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08 Sep 2023

Role in the World

As Rishi Sunak heads to the G20 in India, Malcolm Chalmers considers the security, defence and foreign affairs challenges the UK faces, the immediate and longer-term issues politicians will need to address, and the potential implications of the choices they might make. This piece is taken from our new report with Full Fact ‘Policy landscape 2023’.

What is the situation now?

Relations between the world’s major powers have deteriorated sharply over the last two years. Russia’s full-scale invasion of Ukraine is a fundamental challenge to the European security order. The bitter war that has followed has seen a level of damage that Europe has not experienced since 1945. It shows little sign of ending any time soon. The Ministry of Defence (MOD) assessment is that the risk of nuclear escalation remains greater than at any time since the Cold War.

The Golden Age of relations with China that characterised UK policy eight years ago has long gone. Instead, the government emphasises that China is “an epochdefining and systemic challenge with implications for almost every aspect of government policy and the everyday lives of British people.”

In addition to the costs of increasing barriers to trade with the EU, an increasing focus on supply chain resilience in relation to China could add further economic strains. There is a debate about whether to restrict China’s ability to sell electric cars, or invest in battery factories, in the UK, given the risks of data capture and market dominance. Over time, the pressures for reducing trade and investment links with China are likely to intensify, despite the costs involved.

Recent events have also brought home the dangers posed by global threats such as climate change, environmental degradation and pandemic disease. The government’s analysis of the most serious acute risks facing the UK – calculated on both impact and probability – highlights possible terrorist use of chemical, biological, radiological and nuclear (CBRN) weapons, alongside the secondary effects from the use of nuclear weapons elsewhere, even when the UK is not directly involved.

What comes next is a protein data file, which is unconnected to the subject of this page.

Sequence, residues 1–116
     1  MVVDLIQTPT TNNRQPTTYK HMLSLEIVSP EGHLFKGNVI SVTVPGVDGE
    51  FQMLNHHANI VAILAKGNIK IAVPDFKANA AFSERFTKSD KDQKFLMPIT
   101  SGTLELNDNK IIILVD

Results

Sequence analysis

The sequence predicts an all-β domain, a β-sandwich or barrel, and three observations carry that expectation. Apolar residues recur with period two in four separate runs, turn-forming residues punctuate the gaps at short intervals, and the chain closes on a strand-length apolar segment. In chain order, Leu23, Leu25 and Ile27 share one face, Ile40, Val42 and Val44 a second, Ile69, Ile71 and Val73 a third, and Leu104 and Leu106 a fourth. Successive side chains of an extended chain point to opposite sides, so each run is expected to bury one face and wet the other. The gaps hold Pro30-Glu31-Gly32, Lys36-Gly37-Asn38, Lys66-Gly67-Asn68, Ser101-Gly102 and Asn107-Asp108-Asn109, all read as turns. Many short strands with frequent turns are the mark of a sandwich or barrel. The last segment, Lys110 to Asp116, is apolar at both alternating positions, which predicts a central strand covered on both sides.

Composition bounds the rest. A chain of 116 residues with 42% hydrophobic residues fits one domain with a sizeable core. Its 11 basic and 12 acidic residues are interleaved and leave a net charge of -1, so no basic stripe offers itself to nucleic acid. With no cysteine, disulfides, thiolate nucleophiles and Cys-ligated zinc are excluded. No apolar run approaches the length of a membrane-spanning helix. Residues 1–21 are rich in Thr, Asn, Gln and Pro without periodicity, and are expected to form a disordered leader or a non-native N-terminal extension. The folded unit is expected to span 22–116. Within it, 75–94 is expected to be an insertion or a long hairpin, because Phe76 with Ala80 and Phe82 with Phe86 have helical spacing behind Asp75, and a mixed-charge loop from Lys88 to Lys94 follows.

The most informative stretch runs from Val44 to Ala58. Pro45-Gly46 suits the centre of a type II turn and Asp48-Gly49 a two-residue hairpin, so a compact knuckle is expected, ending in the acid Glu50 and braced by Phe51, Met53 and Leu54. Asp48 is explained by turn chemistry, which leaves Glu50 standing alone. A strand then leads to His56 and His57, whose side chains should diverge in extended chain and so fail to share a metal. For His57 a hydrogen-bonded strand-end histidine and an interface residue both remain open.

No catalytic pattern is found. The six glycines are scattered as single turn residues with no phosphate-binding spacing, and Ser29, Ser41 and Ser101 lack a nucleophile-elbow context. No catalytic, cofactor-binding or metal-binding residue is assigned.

The one bright spot in an otherwise worrying international landscape is that the UK’s alliances with other G7 powers have been strengthened over the last year. The UK has played an influential role in military assistance to Ukraine, helping to encourage the US, France and Germany to do more. The last year has also seen a strengthening of UK security and economic partnerships with the Asia-Pacific, especially with Japan and Australia.

In contrast, the UK and its G7 allies have been less successful in winning over the so-called Global Middle Ground to support their efforts to isolate Russia.

Most major developing countries – including many Commonwealth states – have been concerned to protect their economies from the collateral damage from the war. And few are prepared to reduce existing ties with Russia, far less with China, viewing these powers as important counterweights to Western influence.

What is the state of the political debate?

According to the July 2023 Ipsos Index, ‘defence, foreign affairs and international terrorism’ is now 15th in the list of issues of concern to GB residents, named as one of the top three issues by only 1% of respondents. This may, in part, be because the polls do not reflect the extent to which high-salience domestic problems – such as the rising cost of living – have their proximate root in international events. But it also reflects the reality that there is now a broad inter-party consensus on the core elements of defence and foreign policy. There is now little debate on the UK’s commitment to NATO or nuclear weapons. And the British political elite is more united than in the US, Germany, France or Italy on its support for Ukraine.